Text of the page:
It’s no secret that one of the most critical parts of making a board game that will sell is making it gorgeous. Box art alone has the ability to multiply sales of an otherwise unassuming board game. Finding an artist is something that many first-time board game designers find very difficult to do. Finding and taking care of an artist involves multiple expensive business transactions and a product whose quality can never be anything but subjective, so it’s very sensible to be worried.
You don’t have to be worried, though, since I’ve got strong feelings about this subject and I’m here to share everything I’ve learned over the last two years 😉
In this article, I will cover five subjects:
- Making your project attractive to artists
- Looking for artists
- Reaching out to artists
- Sealing the deal
- Getting the best work out of your artist
Step 1: Make Your Project Attractive to Artists
First things first, 80% of the battle is fought here. If you want to find an artist and get a good deal on money, you need to make your project an attractive prospect. Consider the incentives which artists respond to: pay, exposure, autonomy, and meaning. Pay attention to these things. You want to be a great client.
Pay: Artists make art for a living! That means that when you hire an artist as a freelancer, you need to pay them for their time and effort. For many projects, this will involve shelling out thousands of dollars. Unless you have a personal connection to an artist OR you hire someone very wet behind the ears, you cannot avoid this. By all means, negotiate on price, but don’t be a cheapskate. Since every project is different, you’ll probably want to make an art budget and set aside some cash and get a variety of quotes from different artists. If all the artists’ quotes are not even remotely close to your budget, you’ll have to scale down your art needs or set your sights lower on quality.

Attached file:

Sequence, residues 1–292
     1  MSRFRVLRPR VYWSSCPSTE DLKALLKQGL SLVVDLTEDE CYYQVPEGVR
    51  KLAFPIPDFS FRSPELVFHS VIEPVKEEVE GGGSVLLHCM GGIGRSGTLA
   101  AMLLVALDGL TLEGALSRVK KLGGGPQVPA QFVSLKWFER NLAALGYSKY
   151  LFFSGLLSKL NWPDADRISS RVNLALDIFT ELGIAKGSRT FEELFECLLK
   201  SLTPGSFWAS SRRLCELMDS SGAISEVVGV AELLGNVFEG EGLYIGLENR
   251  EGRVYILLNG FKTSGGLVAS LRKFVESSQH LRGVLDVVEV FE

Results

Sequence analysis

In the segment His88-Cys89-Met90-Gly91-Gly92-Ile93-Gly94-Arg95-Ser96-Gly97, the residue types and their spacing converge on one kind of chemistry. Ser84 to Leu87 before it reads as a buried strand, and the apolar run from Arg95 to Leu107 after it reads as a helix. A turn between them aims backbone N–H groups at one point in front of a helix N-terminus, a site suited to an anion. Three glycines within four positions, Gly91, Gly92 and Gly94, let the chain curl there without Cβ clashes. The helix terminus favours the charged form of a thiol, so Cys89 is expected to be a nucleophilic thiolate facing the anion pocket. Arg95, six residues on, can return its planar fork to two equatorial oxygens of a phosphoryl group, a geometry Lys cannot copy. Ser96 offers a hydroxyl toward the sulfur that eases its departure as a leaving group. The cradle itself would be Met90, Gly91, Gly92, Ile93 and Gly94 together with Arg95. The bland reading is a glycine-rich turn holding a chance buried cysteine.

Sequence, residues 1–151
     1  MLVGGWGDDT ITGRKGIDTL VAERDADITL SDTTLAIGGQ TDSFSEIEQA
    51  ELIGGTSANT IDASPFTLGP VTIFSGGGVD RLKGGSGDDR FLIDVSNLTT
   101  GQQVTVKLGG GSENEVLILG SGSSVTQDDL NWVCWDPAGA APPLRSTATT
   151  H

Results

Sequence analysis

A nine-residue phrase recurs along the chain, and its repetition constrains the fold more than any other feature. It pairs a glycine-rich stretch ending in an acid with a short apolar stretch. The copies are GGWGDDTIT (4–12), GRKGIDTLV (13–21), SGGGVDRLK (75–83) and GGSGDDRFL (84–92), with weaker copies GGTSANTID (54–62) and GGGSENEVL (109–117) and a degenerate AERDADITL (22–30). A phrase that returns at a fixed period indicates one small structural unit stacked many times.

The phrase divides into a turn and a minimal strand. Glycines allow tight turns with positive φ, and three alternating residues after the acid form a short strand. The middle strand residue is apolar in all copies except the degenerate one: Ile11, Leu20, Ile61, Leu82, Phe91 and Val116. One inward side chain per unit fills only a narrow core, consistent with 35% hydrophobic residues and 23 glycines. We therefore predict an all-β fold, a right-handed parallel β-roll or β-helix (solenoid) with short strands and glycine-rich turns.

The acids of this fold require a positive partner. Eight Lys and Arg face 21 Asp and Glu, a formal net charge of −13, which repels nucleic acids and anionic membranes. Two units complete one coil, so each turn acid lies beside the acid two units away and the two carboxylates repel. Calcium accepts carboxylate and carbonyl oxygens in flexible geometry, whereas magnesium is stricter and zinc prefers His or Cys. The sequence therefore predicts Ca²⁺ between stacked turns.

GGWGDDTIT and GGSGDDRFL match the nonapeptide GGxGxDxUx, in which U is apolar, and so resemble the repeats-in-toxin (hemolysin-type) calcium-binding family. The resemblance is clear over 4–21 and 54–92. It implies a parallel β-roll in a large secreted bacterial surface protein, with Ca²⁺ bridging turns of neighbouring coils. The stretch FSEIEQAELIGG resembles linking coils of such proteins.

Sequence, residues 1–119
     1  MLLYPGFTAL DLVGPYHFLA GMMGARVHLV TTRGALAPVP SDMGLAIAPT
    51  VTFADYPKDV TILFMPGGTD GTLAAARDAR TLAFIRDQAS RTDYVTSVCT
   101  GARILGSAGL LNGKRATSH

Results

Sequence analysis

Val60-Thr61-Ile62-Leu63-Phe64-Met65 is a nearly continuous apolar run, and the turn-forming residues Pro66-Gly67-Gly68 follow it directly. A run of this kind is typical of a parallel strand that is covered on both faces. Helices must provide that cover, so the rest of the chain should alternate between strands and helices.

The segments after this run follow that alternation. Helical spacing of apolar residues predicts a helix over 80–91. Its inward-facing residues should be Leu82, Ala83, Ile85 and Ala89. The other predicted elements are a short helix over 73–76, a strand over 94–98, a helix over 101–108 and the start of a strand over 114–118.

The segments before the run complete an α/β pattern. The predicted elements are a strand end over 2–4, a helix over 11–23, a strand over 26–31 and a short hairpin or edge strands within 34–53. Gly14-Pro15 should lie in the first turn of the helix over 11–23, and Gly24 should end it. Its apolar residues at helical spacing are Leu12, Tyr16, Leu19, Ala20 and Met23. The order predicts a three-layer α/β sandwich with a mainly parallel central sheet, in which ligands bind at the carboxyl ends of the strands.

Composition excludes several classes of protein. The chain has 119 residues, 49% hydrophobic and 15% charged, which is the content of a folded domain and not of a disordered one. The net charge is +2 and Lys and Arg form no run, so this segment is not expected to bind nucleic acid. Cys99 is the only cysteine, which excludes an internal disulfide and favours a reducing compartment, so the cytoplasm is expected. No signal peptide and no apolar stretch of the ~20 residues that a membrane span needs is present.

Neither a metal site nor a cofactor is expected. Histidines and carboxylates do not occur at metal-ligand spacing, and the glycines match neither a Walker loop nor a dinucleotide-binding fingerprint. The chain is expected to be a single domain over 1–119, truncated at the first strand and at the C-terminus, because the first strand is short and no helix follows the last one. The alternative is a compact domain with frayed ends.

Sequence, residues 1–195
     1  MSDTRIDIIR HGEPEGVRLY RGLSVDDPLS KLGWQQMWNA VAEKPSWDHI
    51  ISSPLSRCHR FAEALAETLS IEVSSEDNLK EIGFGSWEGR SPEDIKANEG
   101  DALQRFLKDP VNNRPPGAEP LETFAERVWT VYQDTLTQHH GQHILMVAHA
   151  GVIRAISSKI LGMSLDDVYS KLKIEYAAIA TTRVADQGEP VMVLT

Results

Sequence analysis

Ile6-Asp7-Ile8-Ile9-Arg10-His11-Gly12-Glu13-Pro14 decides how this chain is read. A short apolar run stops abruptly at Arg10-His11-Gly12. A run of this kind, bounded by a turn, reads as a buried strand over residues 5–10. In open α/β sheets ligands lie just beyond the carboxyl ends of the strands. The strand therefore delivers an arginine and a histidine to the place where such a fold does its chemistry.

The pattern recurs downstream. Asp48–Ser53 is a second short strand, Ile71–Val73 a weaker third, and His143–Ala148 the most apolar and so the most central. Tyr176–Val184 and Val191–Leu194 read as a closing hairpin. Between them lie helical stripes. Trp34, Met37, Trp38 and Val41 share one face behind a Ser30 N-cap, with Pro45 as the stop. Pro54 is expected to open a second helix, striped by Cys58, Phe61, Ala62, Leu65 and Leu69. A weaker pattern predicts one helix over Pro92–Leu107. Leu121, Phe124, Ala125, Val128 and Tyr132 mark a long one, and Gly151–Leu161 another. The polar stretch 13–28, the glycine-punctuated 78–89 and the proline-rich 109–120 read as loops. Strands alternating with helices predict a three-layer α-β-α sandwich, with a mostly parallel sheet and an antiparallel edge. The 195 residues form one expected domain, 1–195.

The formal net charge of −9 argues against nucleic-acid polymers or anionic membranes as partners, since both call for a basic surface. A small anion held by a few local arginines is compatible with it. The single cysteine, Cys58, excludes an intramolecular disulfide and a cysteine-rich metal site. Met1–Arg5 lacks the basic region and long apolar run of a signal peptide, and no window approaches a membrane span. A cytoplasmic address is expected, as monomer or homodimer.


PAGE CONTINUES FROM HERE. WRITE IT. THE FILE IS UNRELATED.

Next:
Exposure: If you don’t have a lot of money on your hands, you may be able to offer some intangible benefits. For example, if you have a large social media network and you commit to publicizing your artist as much as possible to improve their career prospects, you might be able to pay them less. In fact, this is how I got James Masino to do 300 unique pieces of art for War Co. for a price that I’m frankly embarrassed to disclose. Exposure is not “teehee, I’m on your portfolio which you can put on your website.” Exposure is “I’m swinging the full weight of a network that touches tens of thousands of people to get your name out there.” I did this until he was eventually offered a job for 10 times the pay by someone who was following me on Twitter.
Autonomy: Artists often work alone, especially the sort of freelancers who you might expect to get involved with board game projects. They like to set their own schedules, do work their own way, and be self-directed. Don’t micromanage. Don’t set unrealistic deadlines. Give them a chance to grow their careers as they create your work.
Meaning: People need to feel like their actions mean something. People especially need to feel like the toil they put into their labor is worthwhile and building something great. Look, we make board games. We don’t cure cancer. Yet if you can consistently provide your artist with context that tells them how their work fits into the larger picture and what it means to you personally, they will pick up on that and it will make their work sweeter. That’s so important and so often neglected.